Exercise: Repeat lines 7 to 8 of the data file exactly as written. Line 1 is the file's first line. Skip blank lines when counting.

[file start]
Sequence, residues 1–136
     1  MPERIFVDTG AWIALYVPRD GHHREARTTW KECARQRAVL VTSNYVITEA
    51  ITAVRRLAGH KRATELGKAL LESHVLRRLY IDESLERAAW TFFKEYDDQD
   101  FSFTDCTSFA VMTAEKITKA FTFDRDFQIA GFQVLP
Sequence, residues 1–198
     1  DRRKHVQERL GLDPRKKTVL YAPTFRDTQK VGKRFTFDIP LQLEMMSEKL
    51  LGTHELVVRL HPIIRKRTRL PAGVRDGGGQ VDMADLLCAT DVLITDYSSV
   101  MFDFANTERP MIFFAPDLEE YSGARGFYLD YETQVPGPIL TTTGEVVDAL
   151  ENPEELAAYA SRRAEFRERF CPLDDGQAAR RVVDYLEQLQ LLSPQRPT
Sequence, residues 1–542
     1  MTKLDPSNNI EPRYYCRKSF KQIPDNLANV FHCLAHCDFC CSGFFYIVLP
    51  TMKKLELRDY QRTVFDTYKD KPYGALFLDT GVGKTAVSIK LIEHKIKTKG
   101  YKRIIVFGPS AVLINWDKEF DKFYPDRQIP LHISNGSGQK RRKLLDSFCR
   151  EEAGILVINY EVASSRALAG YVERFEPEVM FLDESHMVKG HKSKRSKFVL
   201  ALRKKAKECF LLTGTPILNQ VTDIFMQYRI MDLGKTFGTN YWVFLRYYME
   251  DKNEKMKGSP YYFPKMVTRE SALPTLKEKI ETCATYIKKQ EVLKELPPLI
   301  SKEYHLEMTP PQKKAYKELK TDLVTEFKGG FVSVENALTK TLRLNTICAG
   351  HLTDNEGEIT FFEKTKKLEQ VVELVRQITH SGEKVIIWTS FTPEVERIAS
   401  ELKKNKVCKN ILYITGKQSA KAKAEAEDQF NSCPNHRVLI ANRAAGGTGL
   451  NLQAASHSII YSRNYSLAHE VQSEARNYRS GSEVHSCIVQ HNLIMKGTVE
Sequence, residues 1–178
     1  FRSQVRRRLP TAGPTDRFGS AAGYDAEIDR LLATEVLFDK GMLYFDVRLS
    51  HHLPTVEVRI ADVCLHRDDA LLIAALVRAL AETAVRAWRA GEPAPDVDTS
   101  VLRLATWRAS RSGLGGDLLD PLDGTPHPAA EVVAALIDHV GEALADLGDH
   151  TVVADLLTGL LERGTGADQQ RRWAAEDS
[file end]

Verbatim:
    51  LGTHELVVRL HPIIRKRTRL PAGVRDGGGQ VDMADLLCAT DVLITDYSSV
   101  MFDFANTERP MIFFAPDLEE YSGARGFYLD YETQVPGPIL TTTGEVVDAL